Greg Andree, 8th grade teacher

"I never thought that as a teacher I'd be seen as some kind of revolutionary because I do something as small as reading books that include Black characters or LGBTQ+ people.... If I have to fight people over poetry and novels, that's what I'll keep doing. It's easy to be tired and give in. Because I am tired, and old. But I'm also stubborn."

— Greg Andree, 8th grade teacher

It's helpful to also actively share your support. "Write to teachers and let them know they're not alone. Because I can tell you, I get a heck of a lot of emails from angry parents who want books removed or who are angry about the Pride flag in my classroom saying it's part of my 'political agenda.'"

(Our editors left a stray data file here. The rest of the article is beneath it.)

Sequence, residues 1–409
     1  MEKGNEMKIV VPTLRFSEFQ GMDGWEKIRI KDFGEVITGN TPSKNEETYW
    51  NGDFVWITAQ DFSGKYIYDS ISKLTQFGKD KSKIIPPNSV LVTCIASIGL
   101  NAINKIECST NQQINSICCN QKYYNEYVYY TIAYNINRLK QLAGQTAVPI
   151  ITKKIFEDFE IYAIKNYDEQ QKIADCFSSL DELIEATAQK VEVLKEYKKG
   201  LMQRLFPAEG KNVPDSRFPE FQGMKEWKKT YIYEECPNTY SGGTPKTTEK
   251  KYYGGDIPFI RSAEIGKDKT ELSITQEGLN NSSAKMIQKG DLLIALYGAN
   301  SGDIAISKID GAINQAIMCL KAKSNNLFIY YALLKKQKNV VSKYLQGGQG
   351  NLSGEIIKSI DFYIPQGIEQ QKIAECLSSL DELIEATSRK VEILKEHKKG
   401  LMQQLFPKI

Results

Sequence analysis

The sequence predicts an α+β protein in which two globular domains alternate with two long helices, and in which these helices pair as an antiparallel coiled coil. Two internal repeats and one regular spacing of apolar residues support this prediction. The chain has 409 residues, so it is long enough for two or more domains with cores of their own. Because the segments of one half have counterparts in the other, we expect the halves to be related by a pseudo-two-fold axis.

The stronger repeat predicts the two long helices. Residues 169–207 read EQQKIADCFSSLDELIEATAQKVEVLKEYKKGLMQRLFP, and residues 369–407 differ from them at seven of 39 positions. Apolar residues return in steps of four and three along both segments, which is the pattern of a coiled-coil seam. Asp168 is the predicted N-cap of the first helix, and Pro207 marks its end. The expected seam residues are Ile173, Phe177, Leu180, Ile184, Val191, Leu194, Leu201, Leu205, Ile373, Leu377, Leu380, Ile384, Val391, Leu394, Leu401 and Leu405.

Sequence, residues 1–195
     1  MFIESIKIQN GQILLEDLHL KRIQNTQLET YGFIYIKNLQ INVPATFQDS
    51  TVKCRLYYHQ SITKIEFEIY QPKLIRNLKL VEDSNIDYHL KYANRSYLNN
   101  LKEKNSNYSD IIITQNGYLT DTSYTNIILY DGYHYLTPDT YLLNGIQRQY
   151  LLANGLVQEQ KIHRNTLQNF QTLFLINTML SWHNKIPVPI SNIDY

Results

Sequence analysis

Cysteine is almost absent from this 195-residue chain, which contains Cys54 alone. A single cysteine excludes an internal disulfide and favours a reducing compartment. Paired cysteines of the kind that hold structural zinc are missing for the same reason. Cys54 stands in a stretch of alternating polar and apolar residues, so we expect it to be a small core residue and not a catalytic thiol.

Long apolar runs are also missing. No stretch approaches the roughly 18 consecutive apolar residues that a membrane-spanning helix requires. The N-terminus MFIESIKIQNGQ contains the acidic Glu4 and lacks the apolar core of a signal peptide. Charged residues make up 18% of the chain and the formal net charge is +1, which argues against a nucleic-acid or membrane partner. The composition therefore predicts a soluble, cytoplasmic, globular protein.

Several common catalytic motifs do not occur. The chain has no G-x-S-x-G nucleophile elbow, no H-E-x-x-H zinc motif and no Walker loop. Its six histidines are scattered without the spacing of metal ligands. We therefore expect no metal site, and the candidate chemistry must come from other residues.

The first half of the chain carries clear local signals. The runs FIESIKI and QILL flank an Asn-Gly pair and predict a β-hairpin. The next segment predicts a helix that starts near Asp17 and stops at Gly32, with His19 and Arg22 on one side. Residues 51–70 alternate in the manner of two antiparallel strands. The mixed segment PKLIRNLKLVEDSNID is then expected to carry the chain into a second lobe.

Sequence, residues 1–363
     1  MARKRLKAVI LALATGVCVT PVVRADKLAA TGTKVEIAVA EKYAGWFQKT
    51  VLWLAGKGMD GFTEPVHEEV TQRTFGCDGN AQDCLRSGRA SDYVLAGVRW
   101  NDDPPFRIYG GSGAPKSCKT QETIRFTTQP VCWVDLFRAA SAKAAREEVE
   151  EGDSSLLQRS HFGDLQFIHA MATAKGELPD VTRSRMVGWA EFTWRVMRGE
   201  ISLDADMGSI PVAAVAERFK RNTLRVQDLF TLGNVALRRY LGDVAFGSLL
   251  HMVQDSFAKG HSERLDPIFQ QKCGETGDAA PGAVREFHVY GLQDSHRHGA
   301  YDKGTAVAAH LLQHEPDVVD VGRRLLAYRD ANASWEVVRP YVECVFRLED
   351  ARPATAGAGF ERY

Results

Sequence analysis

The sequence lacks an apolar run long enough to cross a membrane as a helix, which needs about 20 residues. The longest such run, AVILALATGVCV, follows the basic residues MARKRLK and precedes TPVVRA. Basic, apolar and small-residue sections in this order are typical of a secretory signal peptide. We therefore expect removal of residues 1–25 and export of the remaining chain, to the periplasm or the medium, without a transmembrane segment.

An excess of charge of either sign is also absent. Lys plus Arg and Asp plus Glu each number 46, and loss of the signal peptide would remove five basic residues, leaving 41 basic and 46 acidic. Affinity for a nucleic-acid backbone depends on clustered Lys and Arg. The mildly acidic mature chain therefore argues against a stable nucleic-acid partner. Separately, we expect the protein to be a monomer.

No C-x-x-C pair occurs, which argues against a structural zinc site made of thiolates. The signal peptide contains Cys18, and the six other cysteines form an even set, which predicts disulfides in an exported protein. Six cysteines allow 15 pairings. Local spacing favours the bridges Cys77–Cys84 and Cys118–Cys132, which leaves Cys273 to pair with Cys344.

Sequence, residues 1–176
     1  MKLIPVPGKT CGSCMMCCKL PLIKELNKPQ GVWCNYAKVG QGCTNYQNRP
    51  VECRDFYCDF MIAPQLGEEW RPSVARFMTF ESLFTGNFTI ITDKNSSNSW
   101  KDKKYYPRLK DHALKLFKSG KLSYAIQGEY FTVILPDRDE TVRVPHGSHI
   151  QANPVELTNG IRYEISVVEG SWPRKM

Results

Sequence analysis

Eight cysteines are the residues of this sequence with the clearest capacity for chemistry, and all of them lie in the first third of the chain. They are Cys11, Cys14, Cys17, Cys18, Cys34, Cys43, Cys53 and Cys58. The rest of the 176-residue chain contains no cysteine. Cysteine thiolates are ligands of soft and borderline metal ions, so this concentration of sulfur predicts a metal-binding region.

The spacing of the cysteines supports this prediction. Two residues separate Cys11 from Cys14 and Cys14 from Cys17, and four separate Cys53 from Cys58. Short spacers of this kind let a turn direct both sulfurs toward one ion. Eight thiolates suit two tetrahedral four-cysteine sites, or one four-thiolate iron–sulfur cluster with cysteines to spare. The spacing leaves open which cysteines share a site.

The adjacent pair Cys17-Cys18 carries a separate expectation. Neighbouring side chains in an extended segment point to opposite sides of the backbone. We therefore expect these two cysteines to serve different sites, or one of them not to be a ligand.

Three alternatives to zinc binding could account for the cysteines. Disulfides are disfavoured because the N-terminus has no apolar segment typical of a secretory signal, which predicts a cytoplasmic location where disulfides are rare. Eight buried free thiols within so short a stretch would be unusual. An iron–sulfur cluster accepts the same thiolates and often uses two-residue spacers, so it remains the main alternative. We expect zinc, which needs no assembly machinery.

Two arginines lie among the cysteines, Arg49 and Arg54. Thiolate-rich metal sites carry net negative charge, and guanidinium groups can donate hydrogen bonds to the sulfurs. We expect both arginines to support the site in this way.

Andree adds parents should rest assured that teachers like him don't actually have political agenda. "For real, my only agenda is to help kids think for themselves, read about lives outside their experiences, and to have students that go forward and care about the rights and lives of all people," he says. "To have students that want to build communities that support and fight for the rights and liberties of all people."

In the end, he still sees it as his job to create critical thinkers. "I never thought that as a teacher I'd be seen as some kind of revolutionary because I do something as small as reading books that include Black characters or LGBTQ+ people," he says. "I became a teacher because I love reading and writing and stories. But if I have to fight people over poetry and novels, that's what I'll keep doing. It's easy to be tired and give in. Because I am tired, and old. But I'm also stubborn."

Teachers Are Facing Burnout